QUESCREN launches web library of English-speaking community history

By Ruby Irene Pratka – Local Journalism Initiative

An extensive and growing library of documents related to the history of Quebec’s English-speaking communities is now available online thanks to the work of the Quebec English-speaking Communities Research Network (QUESCREN) at Montreal’s Concordia University.

The Community Knowledge Open Library (CKOL) was launched March 10.

CKOL “currently contains over 1,200 documents gathered from over 1,300 documents gathered from over 25 groups working with English speaking communities in Quebec,” QUESCREN research associate Patrick Donovan said. “This resource aims to increase awareness and understanding of English-speaking Quebec by expanding the knowledge base, preserving and disseminating material that is vulnerable to disappearance, and supporting the production of research and evidence-based policy.”

The online library aspires to be a repository of what is commonly called grey literature – content produced outside of traditional publishing channels, often produced by government agencies, community organizations and nonprofits. It can – and in the case of CKOL, does – include everything from organizational newsletters to self-published cookbooks. The developers of CKOL hope it will become a resource for researchers and amateur historians exploring the history of Quebec’s English-speaking communities.

Repositories such as CKOL “are all the more important, because grey literature doesn’t have the same permanence as formal publishing; sometimes there’s only one copy and sometimes that copy gets lost,” explained librarian Rebecca Miller, classification system development and cataloguing consultant at CKOL.

CKOL “plays this really interesting, kind of stabilizing centralizing role, kind of gathering all these materials from these community groups across the province, both old and new, and presents this wide range of documents in a widely accessible way. It will be so valuable for different types of users who will use these resources in many different ways,” said Miller. The Quebec Community Groups Network, the English Language Arts Network, Literacy Quebec and the Montérégie West Community Network are among the more than 20 organizations that have begun to submit material. The documents can be searched by topic, region or format. As of this writing, the oldest documents currently digitized date to 1943, but organizers hope the library can go further back in time.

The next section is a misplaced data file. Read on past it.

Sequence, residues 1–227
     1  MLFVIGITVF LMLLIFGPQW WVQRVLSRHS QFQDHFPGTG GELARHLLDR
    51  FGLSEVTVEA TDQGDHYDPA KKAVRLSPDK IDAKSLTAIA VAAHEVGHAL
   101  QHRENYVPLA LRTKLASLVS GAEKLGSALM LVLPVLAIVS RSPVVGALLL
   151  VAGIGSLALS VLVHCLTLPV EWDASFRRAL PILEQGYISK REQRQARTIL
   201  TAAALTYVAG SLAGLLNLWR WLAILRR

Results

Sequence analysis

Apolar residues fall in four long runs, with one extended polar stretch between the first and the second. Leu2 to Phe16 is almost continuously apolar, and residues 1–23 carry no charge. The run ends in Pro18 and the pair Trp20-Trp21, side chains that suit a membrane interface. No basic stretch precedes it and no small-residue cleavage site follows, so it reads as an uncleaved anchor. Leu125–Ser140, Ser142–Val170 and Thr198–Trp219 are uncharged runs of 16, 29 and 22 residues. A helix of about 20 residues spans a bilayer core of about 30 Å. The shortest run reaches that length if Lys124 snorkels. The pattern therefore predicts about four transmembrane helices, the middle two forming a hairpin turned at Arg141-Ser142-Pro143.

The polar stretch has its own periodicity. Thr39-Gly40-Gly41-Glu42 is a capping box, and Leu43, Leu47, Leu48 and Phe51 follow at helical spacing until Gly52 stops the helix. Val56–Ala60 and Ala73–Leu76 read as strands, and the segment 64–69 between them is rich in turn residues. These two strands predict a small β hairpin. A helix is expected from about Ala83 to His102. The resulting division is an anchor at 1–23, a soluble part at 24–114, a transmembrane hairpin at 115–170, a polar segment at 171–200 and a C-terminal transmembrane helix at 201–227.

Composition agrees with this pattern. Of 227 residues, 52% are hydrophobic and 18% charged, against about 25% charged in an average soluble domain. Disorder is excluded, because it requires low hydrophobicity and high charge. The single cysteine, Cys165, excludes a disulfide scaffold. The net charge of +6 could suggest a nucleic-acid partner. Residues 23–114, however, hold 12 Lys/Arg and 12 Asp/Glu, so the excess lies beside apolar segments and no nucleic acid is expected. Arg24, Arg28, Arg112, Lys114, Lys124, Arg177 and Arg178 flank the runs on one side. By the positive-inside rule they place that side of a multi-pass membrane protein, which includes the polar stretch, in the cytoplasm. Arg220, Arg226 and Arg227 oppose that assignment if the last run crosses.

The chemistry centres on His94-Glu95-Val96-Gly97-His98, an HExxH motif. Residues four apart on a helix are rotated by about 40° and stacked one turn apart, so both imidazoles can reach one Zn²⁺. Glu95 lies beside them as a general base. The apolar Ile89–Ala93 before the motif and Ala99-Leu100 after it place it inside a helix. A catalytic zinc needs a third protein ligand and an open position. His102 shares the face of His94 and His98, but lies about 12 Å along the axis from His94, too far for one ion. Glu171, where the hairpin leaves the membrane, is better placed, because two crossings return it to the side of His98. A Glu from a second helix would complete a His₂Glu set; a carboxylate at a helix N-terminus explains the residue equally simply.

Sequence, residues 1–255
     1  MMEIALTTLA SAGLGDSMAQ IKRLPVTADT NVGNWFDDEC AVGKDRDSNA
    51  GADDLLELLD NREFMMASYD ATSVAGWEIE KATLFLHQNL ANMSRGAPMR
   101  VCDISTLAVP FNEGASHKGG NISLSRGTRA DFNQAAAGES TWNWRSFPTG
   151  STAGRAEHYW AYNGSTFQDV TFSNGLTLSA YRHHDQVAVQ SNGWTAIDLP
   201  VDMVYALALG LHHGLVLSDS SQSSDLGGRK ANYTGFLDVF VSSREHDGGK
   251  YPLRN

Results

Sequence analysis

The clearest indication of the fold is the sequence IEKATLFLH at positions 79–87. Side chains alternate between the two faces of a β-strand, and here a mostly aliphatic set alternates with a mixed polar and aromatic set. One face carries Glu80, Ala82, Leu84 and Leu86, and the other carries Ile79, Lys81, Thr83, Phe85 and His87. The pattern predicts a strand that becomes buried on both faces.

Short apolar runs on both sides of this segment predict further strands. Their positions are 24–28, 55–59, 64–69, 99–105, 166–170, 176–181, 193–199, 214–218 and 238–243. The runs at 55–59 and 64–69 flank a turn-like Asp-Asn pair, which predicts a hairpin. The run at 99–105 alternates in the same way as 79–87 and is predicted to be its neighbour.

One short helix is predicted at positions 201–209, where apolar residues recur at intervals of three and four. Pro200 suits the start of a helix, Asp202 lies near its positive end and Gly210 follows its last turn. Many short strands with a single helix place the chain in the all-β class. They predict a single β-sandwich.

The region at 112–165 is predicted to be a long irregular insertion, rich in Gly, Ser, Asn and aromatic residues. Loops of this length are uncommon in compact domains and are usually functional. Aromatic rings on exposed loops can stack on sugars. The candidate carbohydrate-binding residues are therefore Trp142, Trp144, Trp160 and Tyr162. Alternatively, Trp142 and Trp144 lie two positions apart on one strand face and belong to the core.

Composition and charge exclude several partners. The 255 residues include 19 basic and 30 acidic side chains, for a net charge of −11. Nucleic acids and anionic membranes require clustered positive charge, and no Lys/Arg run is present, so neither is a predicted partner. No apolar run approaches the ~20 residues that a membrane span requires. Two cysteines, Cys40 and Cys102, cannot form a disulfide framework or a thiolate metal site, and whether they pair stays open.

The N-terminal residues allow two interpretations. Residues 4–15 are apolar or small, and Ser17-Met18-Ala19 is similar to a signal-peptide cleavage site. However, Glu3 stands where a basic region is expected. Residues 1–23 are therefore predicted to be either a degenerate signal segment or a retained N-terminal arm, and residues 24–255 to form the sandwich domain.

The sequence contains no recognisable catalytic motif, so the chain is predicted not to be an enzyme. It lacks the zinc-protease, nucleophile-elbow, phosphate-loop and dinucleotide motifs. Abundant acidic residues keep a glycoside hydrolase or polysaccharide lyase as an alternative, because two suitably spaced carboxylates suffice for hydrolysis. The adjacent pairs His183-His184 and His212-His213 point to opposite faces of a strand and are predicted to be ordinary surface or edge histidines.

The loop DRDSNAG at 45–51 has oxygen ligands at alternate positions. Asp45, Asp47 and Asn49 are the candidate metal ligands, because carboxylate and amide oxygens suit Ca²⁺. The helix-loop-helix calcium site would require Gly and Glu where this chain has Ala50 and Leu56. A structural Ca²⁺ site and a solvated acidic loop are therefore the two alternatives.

Priscilla Griffin is the office manager at the Coasters’ Association, a community organization based in St. Paul’s River on the Lower North Shore, advocating for the economic and social development of English speakers in the 14 mostly English-speaking communities scattered along the North Shore between Kegaska (where Highway 138 ends) and Blanc-Sablon. “If you go online, you don’t see a lot of information about our region, especially in English, and you feel lost,” says Griffin. “Anyone who wants to research us, even our own people, don’t know half of what’s going on in our region, because of lack of [access to] communication. This library could open up a real door for us.”

Donovan said QUESCREN, currently supported by the Sécrétariat aux rélations avec les Québécois d’expression anglaise, was hoping to secure sustainable funding to allow it to better support organizations that want to digitize and share their archives.

The project is “very open to [suggestions from] any community members for how to grow this project reasonably and fairly and always with an eye to inclusiveness,” Lorraine O’Donnell of QUESCREN said.

The Community Knowledge Open Library can be accessed at ckol.quescren.ca.

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